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des Walther von Lille genannt von Châtillon, zum ersten Male vollständig herausgegeben.' Among these are satirical songs in Latin on the World, and also on Prelates, which, it is said, were sung in England as well as throughout France. Indeed, the second verse of the epitaph already quoted may point to these satires:'Perstrepuit modulis Gallia tota meis."
Here, as in the "Alexandreïs," we encounter the indignant sentiments inspired by the assassination of Becket. The victim is called "the flower of priests," and the king "Neronior est ipso Nerone," which may be translated by Shakespeare's "out-Herods Herod." But these poems, whether by Walter Mapes or Philip Gaultier, are forgotten. The " Alexandreïs" has a different fortune.
The poem became at once famous. It had the success of Victor Hugo or Byron. Its author took rank, not only at the head of his contemporaries, but even among classics of antiquity. Leyser chronicles no less than ninety-nine Latin poets in the twelfth century,2 but we are assured that not one of them is comparable to Gaultier. M. Édélestand du Méril, who has given especial attention to this period, speaks of the "Alexandreïs" as a "great poem," and remarks that its "Latinity is very elegant for the time."4 Another authority calls him" the first of the modern Latin poets who appears to have had a spark of true poetic genius."5 And still another says, that, "notwithstanding all its defects, we must regard this poem, and the Philippis' of William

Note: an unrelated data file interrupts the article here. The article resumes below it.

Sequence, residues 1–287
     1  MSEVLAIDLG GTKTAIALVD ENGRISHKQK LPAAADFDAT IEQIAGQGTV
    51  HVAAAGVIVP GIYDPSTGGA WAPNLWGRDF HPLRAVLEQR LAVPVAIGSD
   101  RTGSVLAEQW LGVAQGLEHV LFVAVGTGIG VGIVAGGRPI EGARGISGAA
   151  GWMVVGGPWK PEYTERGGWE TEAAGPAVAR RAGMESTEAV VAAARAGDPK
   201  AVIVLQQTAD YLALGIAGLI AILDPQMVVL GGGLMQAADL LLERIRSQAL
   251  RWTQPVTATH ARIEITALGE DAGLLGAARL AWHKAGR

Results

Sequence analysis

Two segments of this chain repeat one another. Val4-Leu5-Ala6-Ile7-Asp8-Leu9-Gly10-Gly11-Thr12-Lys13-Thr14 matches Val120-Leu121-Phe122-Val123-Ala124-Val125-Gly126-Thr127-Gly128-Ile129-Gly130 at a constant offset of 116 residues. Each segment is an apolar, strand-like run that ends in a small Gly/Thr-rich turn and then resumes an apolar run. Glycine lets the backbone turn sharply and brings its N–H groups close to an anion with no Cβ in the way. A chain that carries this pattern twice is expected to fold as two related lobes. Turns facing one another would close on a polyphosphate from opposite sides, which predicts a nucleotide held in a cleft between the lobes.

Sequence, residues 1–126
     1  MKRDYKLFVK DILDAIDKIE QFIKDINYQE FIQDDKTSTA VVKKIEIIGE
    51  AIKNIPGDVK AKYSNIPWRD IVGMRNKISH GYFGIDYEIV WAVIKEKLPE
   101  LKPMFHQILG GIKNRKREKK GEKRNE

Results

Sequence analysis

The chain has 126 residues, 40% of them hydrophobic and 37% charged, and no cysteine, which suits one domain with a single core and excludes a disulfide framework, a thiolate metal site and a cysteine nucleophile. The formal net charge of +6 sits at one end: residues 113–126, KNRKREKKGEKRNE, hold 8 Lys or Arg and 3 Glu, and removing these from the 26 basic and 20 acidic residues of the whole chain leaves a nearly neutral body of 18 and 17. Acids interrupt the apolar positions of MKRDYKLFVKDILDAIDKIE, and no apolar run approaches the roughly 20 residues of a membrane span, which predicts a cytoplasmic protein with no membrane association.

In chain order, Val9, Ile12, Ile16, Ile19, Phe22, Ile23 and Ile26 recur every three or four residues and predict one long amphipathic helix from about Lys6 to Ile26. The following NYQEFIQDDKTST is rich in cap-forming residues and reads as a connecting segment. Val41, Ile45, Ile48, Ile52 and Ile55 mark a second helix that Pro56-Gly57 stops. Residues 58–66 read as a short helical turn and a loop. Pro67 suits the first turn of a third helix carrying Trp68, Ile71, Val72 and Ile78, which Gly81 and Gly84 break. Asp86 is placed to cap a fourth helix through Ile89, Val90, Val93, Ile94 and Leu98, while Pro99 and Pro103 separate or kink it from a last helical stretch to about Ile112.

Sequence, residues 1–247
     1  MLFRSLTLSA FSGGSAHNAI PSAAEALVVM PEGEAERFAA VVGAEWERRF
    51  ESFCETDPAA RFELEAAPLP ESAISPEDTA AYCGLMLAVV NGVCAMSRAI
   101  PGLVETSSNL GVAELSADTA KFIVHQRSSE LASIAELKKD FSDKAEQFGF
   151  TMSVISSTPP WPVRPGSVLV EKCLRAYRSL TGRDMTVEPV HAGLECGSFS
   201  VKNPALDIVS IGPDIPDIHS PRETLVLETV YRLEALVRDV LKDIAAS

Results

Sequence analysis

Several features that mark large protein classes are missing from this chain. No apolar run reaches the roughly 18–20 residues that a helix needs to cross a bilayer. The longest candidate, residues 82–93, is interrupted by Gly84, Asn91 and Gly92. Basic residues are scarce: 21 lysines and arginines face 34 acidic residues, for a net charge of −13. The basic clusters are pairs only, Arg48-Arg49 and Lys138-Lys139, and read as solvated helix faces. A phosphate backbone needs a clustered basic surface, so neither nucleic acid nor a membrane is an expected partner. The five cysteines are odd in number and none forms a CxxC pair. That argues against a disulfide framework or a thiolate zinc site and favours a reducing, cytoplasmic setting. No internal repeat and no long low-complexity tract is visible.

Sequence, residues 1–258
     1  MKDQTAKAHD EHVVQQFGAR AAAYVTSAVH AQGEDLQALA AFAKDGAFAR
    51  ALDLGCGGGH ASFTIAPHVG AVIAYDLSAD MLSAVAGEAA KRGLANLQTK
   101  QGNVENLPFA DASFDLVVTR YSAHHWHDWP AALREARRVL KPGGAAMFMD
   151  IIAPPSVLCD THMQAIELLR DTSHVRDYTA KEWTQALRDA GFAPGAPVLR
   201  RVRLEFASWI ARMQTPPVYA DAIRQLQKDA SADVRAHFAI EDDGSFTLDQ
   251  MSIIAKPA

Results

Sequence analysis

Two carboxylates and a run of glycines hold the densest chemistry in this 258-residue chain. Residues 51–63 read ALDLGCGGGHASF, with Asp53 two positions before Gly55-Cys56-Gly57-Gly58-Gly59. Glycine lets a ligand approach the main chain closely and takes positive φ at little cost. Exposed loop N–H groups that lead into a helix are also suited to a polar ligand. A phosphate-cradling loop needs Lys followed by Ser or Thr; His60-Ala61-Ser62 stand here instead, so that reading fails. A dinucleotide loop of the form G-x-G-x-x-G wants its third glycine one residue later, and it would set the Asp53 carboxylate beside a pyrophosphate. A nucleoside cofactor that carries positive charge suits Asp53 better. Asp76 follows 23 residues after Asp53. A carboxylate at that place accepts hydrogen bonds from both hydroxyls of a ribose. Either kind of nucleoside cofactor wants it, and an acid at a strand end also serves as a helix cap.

1 Edélestand du Méril, Poésies Populaires Latines du Moyen Age, pp. 144-163. Wright, Latin Poems commonly attributed to Walter Mapes.
2 Historia Poetarum et Poematum Medii Evi, pp. 367-763.
3 Histoire Littéraire, Tom. XVI. p. 183.
4 Poésies Populaires Latines du Moyen Age, pp. 149, 150.
5 Millin, Magazin Encyclopédique, Tom. II.
of Brittany, which appeared about sixty years later, as two brilliant phenomena in the midst of the thick darkness which covered Europe, from the decline of the Roman Empire to the revival of letters in Italy."1 Pasquier, to whom I have already referred, goes so far, in his chapter on the University of Paris, as to illustrate its founder, Peter Lombard, as having for a contemporary "one Galterus, an eminent poet, who wrote. in Latin verses the life of Alexander, under the title of the 'Alexandreïs,' a great imitator of Lucan"; and the learned writer then adds, that it is in his work that we find a verse often quoted without knowing the author.2 These testimonies show his position among contemporaries; but there is something more.